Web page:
Facial Recognition’s Next Big Play: the Sports Stadium

Facial Recognition’s Next Big Play: the Sports Stadium

When sports fans return to watch their teams play live again, many of them may not need a ticket.

Several pro sports teams, including the New York Mets and the Los Angeles Football Club, are testing facial-recognition technology in stadiums. The idea is to admit fans for entry by authenticating their faces, to make the process as touchless as possible during the coronavirus pandemic.

Big, live sporting events—including a soccer match in Italy blamed for accelerating that country’s large outbreak—have been contagion points for the virus’s spread. That is because of the proximity of fans and the likelihood of close contact, such as shuffling down aisles or jostling for a beer at the concession stand. All the shouting doesn’t help, either.

Any return to stadiums is expected to happen only after a virus-instigated overhaul of the fan experience, not unlike efforts to remake factories, offices, restaurants and airports. For now, most big professional leagues are only considering games in nearly empty stadiums or arenas.

Facilities managers at some of these venues, though, are looking at using facial-recognition scanners to start bringing small numbers of high-value fans such as VIP guests or season-ticket holders back for games, said Shaun Moore, chief executive of facial-recognition supplier Trueface.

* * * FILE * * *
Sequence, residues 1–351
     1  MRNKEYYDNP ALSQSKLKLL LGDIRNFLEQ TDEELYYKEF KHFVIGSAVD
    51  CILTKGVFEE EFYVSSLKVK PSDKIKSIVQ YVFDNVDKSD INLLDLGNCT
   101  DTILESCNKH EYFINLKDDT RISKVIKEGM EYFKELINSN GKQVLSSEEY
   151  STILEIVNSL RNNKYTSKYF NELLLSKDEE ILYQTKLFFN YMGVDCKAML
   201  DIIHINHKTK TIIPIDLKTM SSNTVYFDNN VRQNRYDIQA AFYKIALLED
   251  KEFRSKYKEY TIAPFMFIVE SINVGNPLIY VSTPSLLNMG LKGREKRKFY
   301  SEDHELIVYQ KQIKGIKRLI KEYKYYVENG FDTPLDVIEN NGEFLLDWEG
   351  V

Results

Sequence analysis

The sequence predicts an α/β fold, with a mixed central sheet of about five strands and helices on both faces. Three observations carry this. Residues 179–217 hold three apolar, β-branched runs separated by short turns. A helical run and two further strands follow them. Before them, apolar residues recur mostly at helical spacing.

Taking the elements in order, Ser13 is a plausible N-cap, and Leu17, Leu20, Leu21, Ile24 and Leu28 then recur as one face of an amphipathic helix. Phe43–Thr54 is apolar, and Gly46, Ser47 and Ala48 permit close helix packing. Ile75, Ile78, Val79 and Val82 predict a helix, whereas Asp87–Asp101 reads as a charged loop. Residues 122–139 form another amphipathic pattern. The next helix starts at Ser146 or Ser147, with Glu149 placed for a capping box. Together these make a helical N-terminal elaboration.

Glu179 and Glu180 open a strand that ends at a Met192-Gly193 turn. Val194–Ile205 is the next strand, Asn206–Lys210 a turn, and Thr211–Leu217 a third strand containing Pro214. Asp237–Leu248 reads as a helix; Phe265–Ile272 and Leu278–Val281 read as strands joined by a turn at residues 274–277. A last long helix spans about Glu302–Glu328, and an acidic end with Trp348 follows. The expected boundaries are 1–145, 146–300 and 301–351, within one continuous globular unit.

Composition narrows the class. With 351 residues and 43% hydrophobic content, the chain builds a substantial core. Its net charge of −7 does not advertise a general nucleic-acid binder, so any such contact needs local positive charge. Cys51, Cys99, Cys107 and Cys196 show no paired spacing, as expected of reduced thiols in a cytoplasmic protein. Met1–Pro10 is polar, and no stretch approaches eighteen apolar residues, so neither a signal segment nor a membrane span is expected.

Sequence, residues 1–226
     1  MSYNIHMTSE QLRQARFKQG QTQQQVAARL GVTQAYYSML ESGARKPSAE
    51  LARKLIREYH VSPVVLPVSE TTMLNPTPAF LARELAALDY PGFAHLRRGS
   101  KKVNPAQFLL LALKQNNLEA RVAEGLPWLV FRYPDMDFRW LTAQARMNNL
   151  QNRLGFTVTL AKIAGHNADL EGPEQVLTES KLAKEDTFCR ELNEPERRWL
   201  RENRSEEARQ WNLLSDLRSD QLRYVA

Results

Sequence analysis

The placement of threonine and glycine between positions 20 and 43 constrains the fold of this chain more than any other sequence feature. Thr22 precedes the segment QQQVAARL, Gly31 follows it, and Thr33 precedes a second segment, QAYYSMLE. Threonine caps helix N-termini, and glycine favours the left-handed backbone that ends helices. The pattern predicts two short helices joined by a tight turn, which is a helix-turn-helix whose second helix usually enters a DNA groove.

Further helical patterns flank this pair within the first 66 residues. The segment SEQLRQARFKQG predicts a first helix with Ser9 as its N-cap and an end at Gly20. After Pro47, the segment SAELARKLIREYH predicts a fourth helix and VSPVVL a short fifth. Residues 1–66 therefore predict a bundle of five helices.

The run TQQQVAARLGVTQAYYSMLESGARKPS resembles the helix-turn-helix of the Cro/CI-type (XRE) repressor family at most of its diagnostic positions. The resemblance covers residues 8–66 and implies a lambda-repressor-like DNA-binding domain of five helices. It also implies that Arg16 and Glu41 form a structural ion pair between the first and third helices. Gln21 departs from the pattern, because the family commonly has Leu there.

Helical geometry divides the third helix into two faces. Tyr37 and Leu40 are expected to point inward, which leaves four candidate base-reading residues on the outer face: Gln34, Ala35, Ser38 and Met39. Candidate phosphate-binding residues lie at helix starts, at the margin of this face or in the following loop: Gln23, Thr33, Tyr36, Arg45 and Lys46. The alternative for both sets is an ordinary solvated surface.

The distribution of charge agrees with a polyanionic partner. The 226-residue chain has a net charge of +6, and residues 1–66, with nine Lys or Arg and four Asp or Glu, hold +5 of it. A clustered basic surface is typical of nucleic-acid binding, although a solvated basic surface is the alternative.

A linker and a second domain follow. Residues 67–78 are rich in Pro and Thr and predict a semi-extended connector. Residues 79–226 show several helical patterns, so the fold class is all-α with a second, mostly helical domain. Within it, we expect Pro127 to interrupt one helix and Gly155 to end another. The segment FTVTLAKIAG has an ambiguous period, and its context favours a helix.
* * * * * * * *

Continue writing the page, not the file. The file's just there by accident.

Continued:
Face in a Crowd

Stadiums are trialing face-recognition systems to enter games touchless. Here’s one system being tested:

Temperature screening camera

Second camera for recognizing a mask and a face linked to a ticket

Barcode or QR code reader for fans who have not linked their ticket to their face

Motion sensor triggers the turnstile to open.

Discussions with vendors such as his have been focused on “how to reduce touch points and [avoid] people having to hand over credentials,” Mr. Moore said. Even scanning ticket bar codes could pose a risk of spreading the virus, he said.

Facial-recognition technology, now routinely used at many big airports, also is at the point that it has proven to be reliable. Some, however, say the technology raises privacy issues, and at least one European regulator has scrutinized its use in sports stadiums.

Fans of Los Angeles FC, a Major League Soccer club with a 22,000-seat stadium, will next year be able to use an app called Clear, made by Alclear and used by some airline passengers to speed through security checks by presenting their fingerprints or showing their faces.

“Our plan is to move everything to face,” says Christian Lau, chief technology officer of LAFC and Banc of California Stadium.

LAFC fans will be able to take and download a selfie and link their Clear accounts with their existing Ticketmaster profiles. At the stadium turnstile, a camera will measure the fan’s temperature. A second camera determines whether the spectator is wearing a mask. Fans would then pull down their masks to let that same camera recognize their faces and admit them based on their ticket purchase. If a face isn’t recognized, a red frame will show around the face on the screen and the person will be denied entry.

Mr. Lau said that the club started doing trials of Clear’s older face-and-fingerprint kiosks just before the lockdown and that 600 fans had used them to get in over the course of two games. Mr. Lau said less than 1% of customers had to adjust or rescan their faces. Still, considering California’s new virus surge, he isn’t expecting any fans back until 2021.